We got our first peek into the jurors’ thinking on Tuesday when they asked the judge two questions:
1. Who does the prosecution allege held the 40-caliber gun and the rifle?
Judge’s response: Rely on your memories.
2. Can we have access to the T-Mobile phone records?
Judge’s response: Yes
Also on Tuesday, defense attorney Wendy Williams filed an oral motion for a mistrial over Judge Borkowski releasing evidence all at once during jury deliberations, but the motion was denied.
While we wait for the jury to reach a verdict in the Cheron Shelton homicide trial, here are some evidence photos released publicly today. Normally, they’re public record after being introduced in court. However, the judge limited access to them until the jury began deliberating pic.twitter.com/7iOtwV4JpO— Aaron Martin (@WPXIAaronMartin) February 11, 2020
Both the defense and the prosecution in Shelton’s trial wrapped up their closing arguments on Monday. The prosecution brought out detailed autopsy photos of the victims and called an FBI cellphone expert to talk about pinging the location of Shelton’s phone.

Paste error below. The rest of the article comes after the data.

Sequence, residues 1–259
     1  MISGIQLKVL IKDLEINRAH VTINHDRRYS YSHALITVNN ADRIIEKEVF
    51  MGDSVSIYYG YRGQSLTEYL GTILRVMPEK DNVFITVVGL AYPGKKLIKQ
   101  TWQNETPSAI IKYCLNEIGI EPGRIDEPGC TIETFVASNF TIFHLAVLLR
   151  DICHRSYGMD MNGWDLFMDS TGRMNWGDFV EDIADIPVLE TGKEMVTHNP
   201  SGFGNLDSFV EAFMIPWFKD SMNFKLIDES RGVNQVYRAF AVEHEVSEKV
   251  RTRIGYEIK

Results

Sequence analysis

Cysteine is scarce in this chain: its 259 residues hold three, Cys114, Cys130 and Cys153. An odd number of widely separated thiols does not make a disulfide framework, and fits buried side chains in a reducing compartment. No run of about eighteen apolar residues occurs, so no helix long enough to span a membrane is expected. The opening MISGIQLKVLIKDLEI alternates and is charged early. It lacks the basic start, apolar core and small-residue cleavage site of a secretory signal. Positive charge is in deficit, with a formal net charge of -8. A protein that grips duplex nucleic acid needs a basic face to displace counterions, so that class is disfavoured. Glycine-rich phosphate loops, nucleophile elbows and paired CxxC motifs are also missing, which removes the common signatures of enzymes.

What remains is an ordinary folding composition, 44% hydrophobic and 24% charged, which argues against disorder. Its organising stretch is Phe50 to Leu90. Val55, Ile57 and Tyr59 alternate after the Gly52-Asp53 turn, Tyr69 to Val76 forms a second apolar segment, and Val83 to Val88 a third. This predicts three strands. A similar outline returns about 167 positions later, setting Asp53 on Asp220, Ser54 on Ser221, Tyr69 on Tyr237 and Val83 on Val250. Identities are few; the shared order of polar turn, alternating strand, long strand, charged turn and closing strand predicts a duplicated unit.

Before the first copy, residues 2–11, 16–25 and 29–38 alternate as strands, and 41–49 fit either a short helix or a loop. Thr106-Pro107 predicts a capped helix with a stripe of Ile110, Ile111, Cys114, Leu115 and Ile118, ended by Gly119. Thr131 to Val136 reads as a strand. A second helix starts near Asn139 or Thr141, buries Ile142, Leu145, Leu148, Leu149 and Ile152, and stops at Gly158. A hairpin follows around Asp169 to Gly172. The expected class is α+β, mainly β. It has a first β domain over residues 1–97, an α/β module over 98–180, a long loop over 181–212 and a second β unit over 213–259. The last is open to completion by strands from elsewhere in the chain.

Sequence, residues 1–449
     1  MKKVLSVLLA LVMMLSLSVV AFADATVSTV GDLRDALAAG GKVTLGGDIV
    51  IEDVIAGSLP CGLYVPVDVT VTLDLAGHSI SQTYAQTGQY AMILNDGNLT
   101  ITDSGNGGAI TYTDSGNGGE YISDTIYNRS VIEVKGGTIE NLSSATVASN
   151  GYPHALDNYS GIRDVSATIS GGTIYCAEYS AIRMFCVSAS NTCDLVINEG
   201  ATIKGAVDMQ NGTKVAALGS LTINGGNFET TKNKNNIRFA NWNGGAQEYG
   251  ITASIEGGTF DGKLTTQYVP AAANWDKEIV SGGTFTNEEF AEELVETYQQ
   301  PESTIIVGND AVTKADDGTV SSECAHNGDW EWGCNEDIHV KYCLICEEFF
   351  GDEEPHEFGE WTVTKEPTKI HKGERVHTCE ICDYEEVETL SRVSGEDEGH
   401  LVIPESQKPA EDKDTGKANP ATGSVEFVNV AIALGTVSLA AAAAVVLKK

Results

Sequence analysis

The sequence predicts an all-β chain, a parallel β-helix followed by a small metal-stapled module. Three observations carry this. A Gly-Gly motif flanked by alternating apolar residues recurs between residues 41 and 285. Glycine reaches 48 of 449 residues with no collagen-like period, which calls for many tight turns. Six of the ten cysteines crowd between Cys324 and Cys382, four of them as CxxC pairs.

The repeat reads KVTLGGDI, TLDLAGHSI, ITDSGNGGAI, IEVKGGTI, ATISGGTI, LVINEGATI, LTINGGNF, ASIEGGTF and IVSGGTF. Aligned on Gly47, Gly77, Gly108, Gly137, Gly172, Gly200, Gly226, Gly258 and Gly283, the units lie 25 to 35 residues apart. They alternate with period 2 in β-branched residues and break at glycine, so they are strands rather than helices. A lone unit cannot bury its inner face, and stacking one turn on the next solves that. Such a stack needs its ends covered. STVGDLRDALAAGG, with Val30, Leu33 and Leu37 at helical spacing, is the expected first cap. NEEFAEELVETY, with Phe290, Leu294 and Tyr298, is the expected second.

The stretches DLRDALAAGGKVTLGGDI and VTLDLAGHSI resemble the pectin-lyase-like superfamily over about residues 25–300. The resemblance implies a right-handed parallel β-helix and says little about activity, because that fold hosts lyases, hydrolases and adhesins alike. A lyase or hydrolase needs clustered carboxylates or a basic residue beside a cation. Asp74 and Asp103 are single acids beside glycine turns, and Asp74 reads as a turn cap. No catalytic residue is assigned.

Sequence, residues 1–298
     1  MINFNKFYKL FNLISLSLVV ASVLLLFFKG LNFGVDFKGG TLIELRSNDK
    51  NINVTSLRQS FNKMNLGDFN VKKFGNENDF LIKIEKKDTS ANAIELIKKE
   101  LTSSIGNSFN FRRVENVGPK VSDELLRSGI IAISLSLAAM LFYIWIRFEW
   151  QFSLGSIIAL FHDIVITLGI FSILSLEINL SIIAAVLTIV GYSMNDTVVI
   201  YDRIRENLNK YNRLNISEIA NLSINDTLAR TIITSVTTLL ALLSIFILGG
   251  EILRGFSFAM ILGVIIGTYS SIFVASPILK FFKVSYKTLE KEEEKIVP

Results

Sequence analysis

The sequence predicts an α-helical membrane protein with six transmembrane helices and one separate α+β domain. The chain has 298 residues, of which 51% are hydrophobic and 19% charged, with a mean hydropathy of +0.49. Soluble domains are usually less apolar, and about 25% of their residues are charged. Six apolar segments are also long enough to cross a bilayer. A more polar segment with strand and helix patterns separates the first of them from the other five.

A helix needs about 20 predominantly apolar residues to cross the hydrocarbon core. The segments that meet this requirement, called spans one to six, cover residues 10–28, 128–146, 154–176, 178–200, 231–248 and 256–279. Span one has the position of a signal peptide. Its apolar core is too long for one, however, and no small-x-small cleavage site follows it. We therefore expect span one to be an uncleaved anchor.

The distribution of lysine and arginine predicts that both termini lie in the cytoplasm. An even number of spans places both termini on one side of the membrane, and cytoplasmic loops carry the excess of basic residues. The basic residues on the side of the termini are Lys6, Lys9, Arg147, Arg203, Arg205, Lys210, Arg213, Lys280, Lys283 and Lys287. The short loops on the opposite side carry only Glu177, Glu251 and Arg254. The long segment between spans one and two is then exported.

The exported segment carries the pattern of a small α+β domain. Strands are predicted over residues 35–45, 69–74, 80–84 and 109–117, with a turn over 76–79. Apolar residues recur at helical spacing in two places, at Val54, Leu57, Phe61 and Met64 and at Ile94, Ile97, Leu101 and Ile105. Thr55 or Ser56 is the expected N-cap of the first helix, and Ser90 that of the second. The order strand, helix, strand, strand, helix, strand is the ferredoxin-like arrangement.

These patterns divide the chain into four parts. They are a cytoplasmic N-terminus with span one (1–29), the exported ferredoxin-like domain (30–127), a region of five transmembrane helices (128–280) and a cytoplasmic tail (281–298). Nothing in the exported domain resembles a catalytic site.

Shelton’s defense attorneys argued the state did not reach their burden of proof and the case should be thrown out. The judge denied their motion. During closing arguments, attorneys also said physical evidence at the scene does not match Shelton’s DNA.
More than 650 exhibits were shown over the six days of the trial. The gun used in the shooting was never recovered.